Sunday, July 27, 2008

Roaming Ilocos: Elsewhere at Vigan Heritage Village

Enough of Calle Crisologo. It is the main tourist strip yes, but elsewhere in this village are other noteworthy places that I saw.

While not anymore on cobbled streets, some houses not located on Calle Crisologo have also been preserved to maintain their olden look. And some of these houses are equally big, some even bigger than those at Mena Crisologo Street. Just the same, they look mesmerizingly attractive in their olden glory, even if obviously battered by time and the elements. Take the case of that Chinese School. You would not think that is where the children of the affluent Tsinoys go to everyday to learn their lessons, right? But it is! They just preserved the way the façade looks since those times. The school looks a bit more “era” (okay, eerie too if you want) because right across is another olden house that received a bit of sprucing with some dominantly orange color because it is now the “My Vigan House” hotel hehe. Hey, even the Syquia Museum is a block away from Calle Crisologo and its such a big and beautiful building too!.

Ah I got curious and started looking (watching) some of the kalesa drivers (and their horses) park under trees for their afternoon rest or siesta! While most drivers slept the while that they were resting, the horses just stood erect where they parked. And I wondered if that was rest enough or the kind of rest horses would want. Don’t they like to sit down or lie down too for a rest? I don’t know, am not into animals hehe. But I always see that dogs, pigs, carabaos and just about every four-legged animal I know do sit or lie on their sides to rest. But these horses, well, they just stand there still with those carts behind their backs. Looking at them, I think I am not sure if they could even bend their knees with the kalesa and their sleeping drivers still strapped to their backs.

But I had fun watching this one horse that had a uniquely different style of resting…

First I thought it was playing with that sack that is supposed to cover its eyes and the whole face. And I thought the animal was enjoying the activity like a cat would with a ball or a piece of cloth. Good another kalesa driver passed and paused as I took that video. I asked him if all horses do enjoy that playful tossing of the sack up and down. He said “yes”, though he clarified that the horse was not playing. So I asked what it was doing, “trying to free itself from the sack that hooded the whole face?” With a laugh, he educated me that the horse was eating. Awk! I asked how so. Then he explained to me that the sack contains grass or other horse food for it to eat. When the eatables are already deep down the bottom of the sack where the horse’s mouth or tongue cannot reach, they start tossing it to catch the food. Oh I see.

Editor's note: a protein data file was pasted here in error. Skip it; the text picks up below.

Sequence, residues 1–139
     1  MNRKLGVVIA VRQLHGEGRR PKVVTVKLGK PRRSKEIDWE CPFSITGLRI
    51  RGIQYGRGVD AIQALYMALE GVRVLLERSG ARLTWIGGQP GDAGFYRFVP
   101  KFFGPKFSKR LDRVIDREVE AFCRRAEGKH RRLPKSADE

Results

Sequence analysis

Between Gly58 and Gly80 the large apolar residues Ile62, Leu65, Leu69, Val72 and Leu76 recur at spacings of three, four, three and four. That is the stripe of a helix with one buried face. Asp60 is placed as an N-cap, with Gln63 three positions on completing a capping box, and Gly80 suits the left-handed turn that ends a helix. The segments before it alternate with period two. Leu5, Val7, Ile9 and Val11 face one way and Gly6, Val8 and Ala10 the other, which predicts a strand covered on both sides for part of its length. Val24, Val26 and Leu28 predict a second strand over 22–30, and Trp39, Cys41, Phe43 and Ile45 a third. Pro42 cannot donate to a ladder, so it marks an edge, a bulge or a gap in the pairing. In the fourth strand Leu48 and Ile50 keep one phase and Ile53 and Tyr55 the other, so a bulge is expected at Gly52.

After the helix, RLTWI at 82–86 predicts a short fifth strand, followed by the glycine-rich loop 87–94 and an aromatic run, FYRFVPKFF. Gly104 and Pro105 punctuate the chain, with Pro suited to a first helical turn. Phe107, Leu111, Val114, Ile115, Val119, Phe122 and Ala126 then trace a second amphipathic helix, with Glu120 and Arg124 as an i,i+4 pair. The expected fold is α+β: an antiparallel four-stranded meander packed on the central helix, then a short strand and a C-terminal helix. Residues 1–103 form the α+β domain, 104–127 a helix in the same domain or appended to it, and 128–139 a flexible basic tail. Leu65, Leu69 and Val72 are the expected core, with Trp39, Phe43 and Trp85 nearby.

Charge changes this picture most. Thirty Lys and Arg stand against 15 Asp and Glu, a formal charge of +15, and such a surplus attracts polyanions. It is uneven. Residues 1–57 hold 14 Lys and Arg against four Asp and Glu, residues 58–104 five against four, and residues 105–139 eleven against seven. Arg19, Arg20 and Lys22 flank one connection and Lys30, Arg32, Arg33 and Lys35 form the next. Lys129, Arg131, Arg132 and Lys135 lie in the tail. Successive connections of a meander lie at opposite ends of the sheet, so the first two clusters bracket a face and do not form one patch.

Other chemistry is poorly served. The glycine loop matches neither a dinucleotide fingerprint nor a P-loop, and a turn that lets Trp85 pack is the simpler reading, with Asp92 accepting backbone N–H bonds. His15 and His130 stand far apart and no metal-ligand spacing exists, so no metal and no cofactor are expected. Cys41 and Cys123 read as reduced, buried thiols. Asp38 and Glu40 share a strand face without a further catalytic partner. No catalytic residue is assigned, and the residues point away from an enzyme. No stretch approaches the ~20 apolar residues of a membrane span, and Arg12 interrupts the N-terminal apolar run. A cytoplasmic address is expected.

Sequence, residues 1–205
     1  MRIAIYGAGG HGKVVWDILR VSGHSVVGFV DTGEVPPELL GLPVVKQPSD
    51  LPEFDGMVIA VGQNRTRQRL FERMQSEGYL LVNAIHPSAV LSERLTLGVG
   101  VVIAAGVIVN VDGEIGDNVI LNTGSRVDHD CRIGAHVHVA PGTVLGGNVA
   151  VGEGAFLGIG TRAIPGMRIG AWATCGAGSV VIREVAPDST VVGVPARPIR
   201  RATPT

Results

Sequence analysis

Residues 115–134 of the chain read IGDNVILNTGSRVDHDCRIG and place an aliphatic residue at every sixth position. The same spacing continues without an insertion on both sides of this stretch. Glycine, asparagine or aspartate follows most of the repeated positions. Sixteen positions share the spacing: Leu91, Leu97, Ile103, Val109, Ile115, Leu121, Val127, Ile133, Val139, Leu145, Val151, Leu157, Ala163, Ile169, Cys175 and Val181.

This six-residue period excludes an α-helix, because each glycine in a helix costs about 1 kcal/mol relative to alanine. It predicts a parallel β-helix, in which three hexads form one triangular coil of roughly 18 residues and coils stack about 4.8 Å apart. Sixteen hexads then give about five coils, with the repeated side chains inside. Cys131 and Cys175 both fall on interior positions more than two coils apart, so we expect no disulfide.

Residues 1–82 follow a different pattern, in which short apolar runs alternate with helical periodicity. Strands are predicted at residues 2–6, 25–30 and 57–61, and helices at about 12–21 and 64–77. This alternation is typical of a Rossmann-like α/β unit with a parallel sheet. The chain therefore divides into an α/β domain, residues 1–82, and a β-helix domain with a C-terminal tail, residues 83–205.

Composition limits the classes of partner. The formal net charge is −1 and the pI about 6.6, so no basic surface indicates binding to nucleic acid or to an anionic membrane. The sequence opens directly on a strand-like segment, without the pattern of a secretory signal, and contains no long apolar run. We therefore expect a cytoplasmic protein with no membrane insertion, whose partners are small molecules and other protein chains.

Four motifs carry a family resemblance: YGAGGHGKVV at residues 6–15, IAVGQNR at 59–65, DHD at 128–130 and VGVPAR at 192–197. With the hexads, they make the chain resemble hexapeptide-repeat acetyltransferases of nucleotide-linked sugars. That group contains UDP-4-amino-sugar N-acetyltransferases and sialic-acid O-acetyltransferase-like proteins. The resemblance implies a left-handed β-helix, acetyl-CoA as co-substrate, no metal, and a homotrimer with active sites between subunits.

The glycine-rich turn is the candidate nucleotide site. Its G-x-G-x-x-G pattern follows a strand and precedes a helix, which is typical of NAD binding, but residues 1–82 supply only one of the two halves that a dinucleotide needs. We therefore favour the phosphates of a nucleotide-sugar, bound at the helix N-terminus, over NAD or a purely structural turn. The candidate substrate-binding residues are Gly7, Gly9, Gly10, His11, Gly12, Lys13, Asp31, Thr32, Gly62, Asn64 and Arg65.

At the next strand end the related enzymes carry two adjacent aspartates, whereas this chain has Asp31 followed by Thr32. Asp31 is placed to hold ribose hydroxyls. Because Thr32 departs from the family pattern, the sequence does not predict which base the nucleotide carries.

And I had to be in Vigan just to learn how kalesa drivers feed their horses hehe! Nice one!

Elsewhere, just in this heritage area alone, there are so many things to see, observe or experience for the visitor. That is if you’re like me who can get fascinated with as simple as CCTV cameras installed on heritage houses hehe. Here are some of those observations… heritage village as it is, there are also residents (probably informal settlers) who don’t have water in the house and opt to do their laundry or bathe their children by a faucet at the sidewalk. There are heritage houses that are dilapidating, some being aptly repaired and some left to oblivion. The Ilocos Sur Tourism Center is in the same building as Leona’s. The Department of Tourism has a separate office that is inside the nearby and beautiful Vigan Plaza Hotel. The Bureau of Agricultural Statistics holds office at Calle Crisologo. The side of the cathedral that is across the bell tower stinks with a mix of human and horse pee. McDonald’s is nearer that bell tower than the cathedral is. See?! And there are more…

The plaza fronting (not side) of the cathedral is called Plaza Salcedo and it is where Gabriela Silang was publicly executed by hanging. Hmm, I did not know that! And due to the fame of Calle Crisologo, you won’t even hear or read many things about this plaza, which I found out is actually the best place to start when exploring Vigan! The lagoon in this same plaza was constructed not as a beautiful landscape art but as reservoir to provide accessible water due to the many fires occurring in the city in the 1970s! One of the sunken portions of said plaza is a scaled replication of the heritage square that is Vigan itself complete with models of those old buildings and residences. Oh, locals of Vigan are called Bigueños. Same banana with the city hall and the capitol, no visitor seem to be willing to cast at least a glance since all eyes are to Calle Crisologo!

Whoops! I realized it was already nearing sunset and I still had to get back to Laoag! Let’s go!


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